Thales eSecurity – the specialist in critical information systems, cyber security and data security – has just announced the results of its research on the EU’s General Data Protection Regulation (GDPR). Based on a study conducted by Censuswide and sponsored by Thales eSecurity, the report captures the perceptions of consumers and businesses on the preparedness levels of organisations in Europe and the United States for the May 2018 GDPR compliance deadline, as well as the potential business impact.
Half of UK consumers don’t believe commercial organisations care about their privacy, and many are prepared to take legal action against businesses that don’t comply with the GDPR. At the same time, businesses are concerned that the new data privacy regulations will have a negative impact on their operations and international relations.
Intended to improve personal data protection and increase accountability for data breaches, the GDPR is perhaps the most comprehensive data privacy standard to date. It presents a significant challenge for organisations that process the personal data of EU citizens, regardless of where those organisations are headquartered.
50% of UK consumers surveyed claim not to trust anyone with protecting their personal information. Perhaps as a result of recent high-profile breaches, only one-in-five (20%) of UK consumers trust financial institutions with their information, while just 23% said they trusted healthcare providers.
Retailers are only trusted by 6% of consumers in the UK, and perhaps with good reason. Thales eSecurity’s 2017 Data Threat Report reveals that two-in-five retailers globally have experienced a data breach in the past year, and that a third had suffered more than one.
More worryingly, perhaps, 70% of UK consumers believe their information has been made available for sale online by cyber criminals.
However, with the EU GDPR’s implementation now just six months away, three quarters of UK consumers (76%) feel that increased regulation will improve the privacy of their online data.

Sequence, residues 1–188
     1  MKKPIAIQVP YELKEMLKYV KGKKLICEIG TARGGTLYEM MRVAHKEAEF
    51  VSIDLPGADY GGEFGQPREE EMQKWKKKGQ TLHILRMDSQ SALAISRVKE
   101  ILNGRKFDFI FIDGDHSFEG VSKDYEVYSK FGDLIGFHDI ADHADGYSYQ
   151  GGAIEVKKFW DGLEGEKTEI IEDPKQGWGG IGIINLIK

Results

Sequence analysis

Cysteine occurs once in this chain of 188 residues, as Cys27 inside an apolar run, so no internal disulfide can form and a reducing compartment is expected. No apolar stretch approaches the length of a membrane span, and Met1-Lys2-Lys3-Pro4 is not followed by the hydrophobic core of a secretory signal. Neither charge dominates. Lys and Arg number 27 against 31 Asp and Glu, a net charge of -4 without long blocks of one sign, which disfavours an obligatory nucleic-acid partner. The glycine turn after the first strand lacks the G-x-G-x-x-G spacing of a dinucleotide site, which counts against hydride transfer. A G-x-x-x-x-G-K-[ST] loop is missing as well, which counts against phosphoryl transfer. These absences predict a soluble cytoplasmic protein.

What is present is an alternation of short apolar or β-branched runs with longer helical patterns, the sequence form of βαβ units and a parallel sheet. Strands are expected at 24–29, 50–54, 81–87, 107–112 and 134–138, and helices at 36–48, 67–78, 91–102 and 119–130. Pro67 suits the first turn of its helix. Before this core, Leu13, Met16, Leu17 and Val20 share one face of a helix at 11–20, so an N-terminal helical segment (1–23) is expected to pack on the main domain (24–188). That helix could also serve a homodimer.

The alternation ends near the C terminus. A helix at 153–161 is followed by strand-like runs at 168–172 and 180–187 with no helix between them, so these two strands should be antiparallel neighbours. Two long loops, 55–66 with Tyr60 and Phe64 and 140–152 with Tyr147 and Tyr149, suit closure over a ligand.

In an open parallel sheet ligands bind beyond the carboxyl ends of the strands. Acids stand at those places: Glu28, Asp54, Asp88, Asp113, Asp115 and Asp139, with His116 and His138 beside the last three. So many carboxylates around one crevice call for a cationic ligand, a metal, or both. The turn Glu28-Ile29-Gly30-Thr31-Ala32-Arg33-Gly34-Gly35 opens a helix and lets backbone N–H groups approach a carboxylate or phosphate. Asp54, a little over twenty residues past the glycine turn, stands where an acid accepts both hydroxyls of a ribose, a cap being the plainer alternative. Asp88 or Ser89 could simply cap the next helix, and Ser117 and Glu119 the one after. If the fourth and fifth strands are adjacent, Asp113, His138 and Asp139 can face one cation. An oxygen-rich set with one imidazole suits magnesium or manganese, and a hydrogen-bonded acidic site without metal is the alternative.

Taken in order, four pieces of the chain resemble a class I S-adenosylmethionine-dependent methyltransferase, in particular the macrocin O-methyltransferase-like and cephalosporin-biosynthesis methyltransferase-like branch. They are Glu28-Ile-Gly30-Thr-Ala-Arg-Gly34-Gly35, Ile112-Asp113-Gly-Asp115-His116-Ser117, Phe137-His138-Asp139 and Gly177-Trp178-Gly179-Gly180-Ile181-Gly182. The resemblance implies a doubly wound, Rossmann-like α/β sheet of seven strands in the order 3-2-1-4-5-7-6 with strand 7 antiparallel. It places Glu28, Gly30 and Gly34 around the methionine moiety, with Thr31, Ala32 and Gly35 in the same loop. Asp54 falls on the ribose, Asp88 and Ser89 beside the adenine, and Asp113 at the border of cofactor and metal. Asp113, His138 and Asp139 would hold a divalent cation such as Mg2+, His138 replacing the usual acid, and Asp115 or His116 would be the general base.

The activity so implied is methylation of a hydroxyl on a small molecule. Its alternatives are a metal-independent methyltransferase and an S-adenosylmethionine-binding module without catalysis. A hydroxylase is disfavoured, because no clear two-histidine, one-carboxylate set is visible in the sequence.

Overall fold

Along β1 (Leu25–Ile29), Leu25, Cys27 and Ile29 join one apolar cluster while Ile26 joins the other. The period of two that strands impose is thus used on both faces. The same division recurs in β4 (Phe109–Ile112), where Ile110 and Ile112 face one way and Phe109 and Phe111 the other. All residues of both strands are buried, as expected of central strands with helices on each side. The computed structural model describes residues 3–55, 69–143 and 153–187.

Taking back control
Aware of the GDPR, and what it means for the privacy of their information, consumers appear to be willing to take a stand against those organisations that fail to comply with the regulation, with three-in-five (58%) of UK respondents claiming they would at least consider legal action as an option.
More than three-quarters (79%) of respondents said they would consider taking their business to another company if the one they were dealing with didn’t comply with the GDPR, while 69% suggested they might report a non-compliant organisation to the relevant industry watchdog. Three quarters of UK consumers (77%) suggested a failure to comply with the GDPR would negatively impact their perception of an organisation.
The Thales eSecurity survey has revealed a number of reasons why organisations may have more to fear from the GDPR than just consumer action and financial penalties:
*63% of UK-based organisations believe that implementing measures to become GDPR-compliant will increase the level of complexity and red tape within their business
*Almost half (49%) are concerned that the GDPR will hinder their organisation’s innovation to some degree
*One-in-five (21%) expect the GDPR to have a negative impact on relationships with their international partners
*Interestingly, while around one-in-five UK businesses (22%) believe the GDPR will lead to fewer data breaches, almost a third (32%) are concerned that its implementation will actually result in an increased number of breaches
Despite these concerns, more than a third of UK organisations (37%) remain optimistic that the GDPR will have no effect on their business operations whatsoever.
Jim DeLorenzo, solutions manager for the GDPR at Thales eSecurity, observed: “As a result of recent and ongoing data breaches, digital privacy remains front of mind for consumers. With the deadline for enforcement of the GDPR fast approaching, law firms and compensation companies will begin to focus their efforts on fighting for consumer rights. Organisations could find themselves facing multiple legal challenges in addition to the hefty fines levied by the GDPR, some of which will undoubtedly achieve national media attention. The GDPR is a change of legislation that well and truly places the onus on organisations to put their houses in order. The clock is ticking.”
*Download your copy of the Thales eSecurity report here
**Thales eSecurity commissioned the survey among 2,000 consumers in the UK and Germany (1,000 in each region) and 1,500 C-Level executives in the UK, the US and Germany (500 in each region). The research was conducted online by polling company Censuswide, an international research organisation, in August 2017